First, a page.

Editorial Notebook

Career fair monster attacks RPI

It is my last year here at RPI and thus my job search has becomes more necessary and urgent. I have even done the unthinkable; I have purchased a grey suit.

Oh how I wanted to buy that yellow suit! I begged and pleaded with all who would listen. My friends said I was being ridiculous, and the clothing lady said I looked like Professor Umbridge from Harry Potter. All I saw was a beacon of color, a ray of sunshine through a dark cloud. Oh how I wish I could have bought that yellow suit.

Whilst its cut may have been old fashioned, its color was perfect. So bright and vibrant, I had no trouble finding it on the sales rack. Compared to the $100–200 black and grey suits littered around Macy’s, this yellow beauty was only $40. I would have stood out in the crowd of darkness! But no, I was told this wasn’t the time to be whimsical or happy. The career fair is not for such things. It is for professionalism and adulthood.

Each year, hundreds of students and employers pack themselves into the armory, forming one colorless mass that is the job-seeking monster. Dealing resumes like currency, students purchase favor from the recruiters; they try, through accomplishments and awards, to prove themselves worthy of an internship or job. Often in my job search process, I have viewed this monster as suffocating or frightening. It is a symbol of conformity and the death of my younger self and I, in my yellow suit, could slay this beast! I used to see the fair as the ultimate form of bullshitting; students tailor their daily lives in order to prove themselves to complete strangers. Everyone is judged and no one is happy about it.

The roar of the crowd is too much for the meek and introverted. No. One must be fearless and loud to be heard above the din. The meek are driven away whilst the ambitious thrive. When I put that yellow suit on, I felt confident and ready to take on anyone. My introverted self was safely guarded behind the shield of sunshine. I was a knight in sunny armor.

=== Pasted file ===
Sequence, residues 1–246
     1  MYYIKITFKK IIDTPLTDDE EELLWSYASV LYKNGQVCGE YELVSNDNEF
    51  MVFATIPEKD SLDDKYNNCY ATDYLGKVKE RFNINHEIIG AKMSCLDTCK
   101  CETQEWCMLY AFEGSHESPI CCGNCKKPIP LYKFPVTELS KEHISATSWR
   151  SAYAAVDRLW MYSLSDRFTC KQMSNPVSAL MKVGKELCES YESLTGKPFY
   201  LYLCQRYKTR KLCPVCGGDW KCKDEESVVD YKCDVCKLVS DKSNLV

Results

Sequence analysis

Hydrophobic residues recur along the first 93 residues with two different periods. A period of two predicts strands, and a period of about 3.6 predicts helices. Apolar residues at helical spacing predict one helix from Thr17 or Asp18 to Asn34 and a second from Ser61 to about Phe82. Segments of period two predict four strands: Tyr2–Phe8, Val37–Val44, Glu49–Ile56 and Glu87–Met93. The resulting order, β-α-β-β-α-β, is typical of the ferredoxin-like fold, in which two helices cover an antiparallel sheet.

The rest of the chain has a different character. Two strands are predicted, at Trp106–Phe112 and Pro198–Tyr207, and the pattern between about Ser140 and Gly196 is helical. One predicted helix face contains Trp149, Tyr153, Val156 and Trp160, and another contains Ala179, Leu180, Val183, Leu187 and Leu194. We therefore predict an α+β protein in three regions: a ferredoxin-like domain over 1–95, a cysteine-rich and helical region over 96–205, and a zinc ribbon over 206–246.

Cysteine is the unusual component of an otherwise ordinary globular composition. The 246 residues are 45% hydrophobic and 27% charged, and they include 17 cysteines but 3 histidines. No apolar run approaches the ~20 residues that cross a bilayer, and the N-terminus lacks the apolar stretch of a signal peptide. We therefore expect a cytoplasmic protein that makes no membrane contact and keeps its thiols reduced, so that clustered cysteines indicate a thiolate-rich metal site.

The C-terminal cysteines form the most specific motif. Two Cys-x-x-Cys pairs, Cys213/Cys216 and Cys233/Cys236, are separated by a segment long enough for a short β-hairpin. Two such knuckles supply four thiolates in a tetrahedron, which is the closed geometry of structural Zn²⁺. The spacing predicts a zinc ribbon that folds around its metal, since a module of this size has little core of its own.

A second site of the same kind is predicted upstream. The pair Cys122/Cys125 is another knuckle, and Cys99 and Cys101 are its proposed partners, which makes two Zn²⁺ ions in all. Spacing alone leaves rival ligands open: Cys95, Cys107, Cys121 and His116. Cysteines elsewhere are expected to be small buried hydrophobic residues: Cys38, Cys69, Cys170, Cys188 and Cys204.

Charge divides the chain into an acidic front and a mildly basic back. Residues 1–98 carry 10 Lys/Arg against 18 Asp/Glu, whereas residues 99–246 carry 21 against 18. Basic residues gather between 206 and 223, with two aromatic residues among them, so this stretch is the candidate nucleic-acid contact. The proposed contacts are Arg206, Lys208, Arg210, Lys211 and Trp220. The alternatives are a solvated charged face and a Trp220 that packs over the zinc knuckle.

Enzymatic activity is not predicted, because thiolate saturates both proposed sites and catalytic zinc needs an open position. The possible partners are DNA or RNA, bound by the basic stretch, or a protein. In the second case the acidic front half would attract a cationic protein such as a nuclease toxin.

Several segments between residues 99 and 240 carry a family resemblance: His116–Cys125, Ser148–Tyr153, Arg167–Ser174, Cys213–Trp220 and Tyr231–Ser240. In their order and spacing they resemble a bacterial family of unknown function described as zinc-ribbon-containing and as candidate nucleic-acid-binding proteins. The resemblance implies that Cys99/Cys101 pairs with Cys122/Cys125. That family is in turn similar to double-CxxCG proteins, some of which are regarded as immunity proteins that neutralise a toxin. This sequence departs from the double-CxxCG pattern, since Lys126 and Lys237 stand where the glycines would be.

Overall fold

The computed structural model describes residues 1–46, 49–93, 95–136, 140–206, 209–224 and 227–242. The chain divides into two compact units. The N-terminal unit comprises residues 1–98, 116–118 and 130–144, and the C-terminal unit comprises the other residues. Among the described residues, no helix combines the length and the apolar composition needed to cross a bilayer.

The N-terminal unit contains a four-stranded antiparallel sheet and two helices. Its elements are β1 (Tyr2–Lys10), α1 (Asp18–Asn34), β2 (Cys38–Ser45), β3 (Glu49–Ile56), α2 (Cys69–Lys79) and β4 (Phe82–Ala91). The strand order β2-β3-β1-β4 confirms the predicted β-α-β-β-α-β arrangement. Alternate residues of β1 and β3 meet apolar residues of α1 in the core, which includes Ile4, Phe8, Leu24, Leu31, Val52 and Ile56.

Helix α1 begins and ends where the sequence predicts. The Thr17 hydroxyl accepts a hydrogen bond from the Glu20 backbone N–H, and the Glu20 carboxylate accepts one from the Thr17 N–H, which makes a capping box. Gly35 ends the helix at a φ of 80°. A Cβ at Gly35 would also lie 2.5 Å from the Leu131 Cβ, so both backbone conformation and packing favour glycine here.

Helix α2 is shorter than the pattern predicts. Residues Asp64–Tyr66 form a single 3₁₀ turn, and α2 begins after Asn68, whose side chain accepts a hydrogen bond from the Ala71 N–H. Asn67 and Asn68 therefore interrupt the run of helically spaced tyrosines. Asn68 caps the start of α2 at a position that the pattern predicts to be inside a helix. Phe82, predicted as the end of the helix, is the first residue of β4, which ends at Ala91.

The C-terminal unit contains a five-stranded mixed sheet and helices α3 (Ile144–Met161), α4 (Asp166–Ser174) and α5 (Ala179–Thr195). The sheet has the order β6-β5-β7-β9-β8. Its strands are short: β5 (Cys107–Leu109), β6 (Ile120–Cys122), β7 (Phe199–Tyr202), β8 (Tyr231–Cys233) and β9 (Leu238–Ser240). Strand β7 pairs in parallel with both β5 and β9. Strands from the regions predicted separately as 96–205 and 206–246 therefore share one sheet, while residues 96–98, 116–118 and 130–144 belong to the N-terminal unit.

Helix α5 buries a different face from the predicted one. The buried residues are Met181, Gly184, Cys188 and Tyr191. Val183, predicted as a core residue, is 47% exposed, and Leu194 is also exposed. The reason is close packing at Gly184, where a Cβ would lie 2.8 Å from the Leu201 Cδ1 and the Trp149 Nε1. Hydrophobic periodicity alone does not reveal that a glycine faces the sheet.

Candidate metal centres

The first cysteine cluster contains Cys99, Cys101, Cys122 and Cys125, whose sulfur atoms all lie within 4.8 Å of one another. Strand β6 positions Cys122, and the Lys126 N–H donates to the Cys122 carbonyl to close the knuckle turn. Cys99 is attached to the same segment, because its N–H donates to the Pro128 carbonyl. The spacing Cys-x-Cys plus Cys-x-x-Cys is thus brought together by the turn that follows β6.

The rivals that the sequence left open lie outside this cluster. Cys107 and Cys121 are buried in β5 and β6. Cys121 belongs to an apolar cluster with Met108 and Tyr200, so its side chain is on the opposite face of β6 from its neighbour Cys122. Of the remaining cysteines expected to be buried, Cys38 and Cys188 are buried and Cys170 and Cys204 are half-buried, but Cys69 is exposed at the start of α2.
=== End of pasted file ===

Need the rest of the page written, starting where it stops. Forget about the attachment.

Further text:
However, the closer I get to graduating and to leaving RPI for good (and the older I get), the more I begin to see that this view point is wrong. Whilst there is a significant level of “tailoring” a resume must go through before being given to a potential employer the career fair is a valid opportunity for students and recruiters to get to know each other. Amongst this job fair monster, people are meeting, shaking hands, and forming relationships that will hopefully begin careers and lives outside of Rensselaer. This dark grey monster shouldn’t be seen in its group blob form, but at an individual level, one on one.

The career fair is a time for students to stand out individually through their personality and abilities. It is for a recruiter to see who you are in order to determine who you will be as an employee. You are an individual based upon your accomplishments. Your sense of self should be reflected through your handshake, smile, and resume, not your ability to stand out in a sea of black. It is not the place for a yellow suit.

So, I will appear at this upcoming career fair in my grey suit and tailored resume. I will meet new people and hopefully (fingers crossed) make enough of an impression that someone will hire me. For, this is a time of adventure and bravery. I may not be clad in yellow armor, but hopefully my experiences, GPA, and leadership activities will be my guide to the perfect career post graduation.

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